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Nature. 2003 Nov 6;426(6962):96-100.

Crystal structure of a zinc-finger-RNA complex reveals two modes of molecular recognition.

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Medical Research Council Laboratory of Molecular Biology, Cambridge CB2 2QH, UK.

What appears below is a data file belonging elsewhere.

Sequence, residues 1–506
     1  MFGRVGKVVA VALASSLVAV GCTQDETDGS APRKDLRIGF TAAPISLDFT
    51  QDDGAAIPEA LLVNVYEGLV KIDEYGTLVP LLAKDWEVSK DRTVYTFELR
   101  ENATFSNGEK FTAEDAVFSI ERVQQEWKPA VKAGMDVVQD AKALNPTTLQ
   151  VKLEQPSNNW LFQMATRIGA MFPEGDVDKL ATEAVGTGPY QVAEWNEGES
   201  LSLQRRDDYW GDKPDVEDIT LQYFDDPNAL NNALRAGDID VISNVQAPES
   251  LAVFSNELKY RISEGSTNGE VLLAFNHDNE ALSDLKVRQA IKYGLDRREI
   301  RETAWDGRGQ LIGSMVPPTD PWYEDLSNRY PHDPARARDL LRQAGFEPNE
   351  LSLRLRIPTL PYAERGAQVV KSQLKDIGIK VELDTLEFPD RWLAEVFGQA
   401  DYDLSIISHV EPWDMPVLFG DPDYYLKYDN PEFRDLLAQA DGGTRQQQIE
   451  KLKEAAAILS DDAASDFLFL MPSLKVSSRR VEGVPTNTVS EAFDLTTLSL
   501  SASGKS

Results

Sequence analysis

Zinc-finger proteins of the classical Cys2His2 type are the most frequently used class of transcription factor and account for about 3% of genes in the human genome. The zinc-finger motif was discovered during biochemical studies on the transcription factor TFIIIA, which regulates the 5S ribosomal RNA genes of Xenopus laevis. Zinc-fingers mostly interact with DNA, but TFIIIA binds not only specifically to the promoter DNA, but also to 5S RNA itself. Increasing evidence indicates that zinc-fingers are more widely used to recognize RNA. There have been numerous structural studies on DNA binding, but none on RNA binding by zinc-finger proteins. Here we report the crystal structure of a three-finger complex with 61 bases of RNA, derived from the central regions of the complete nine-finger TFIIIA-5S RNA complex. The structure reveals two modes of zinc-finger binding, both of which differ from that in common use for DNA: first, the zinc-fingers interact with the backbone of a double helix; and second, the zinc-fingers specifically recognize individual bases positioned for access in otherwise intricately folded 'loop' regions of the RNA.

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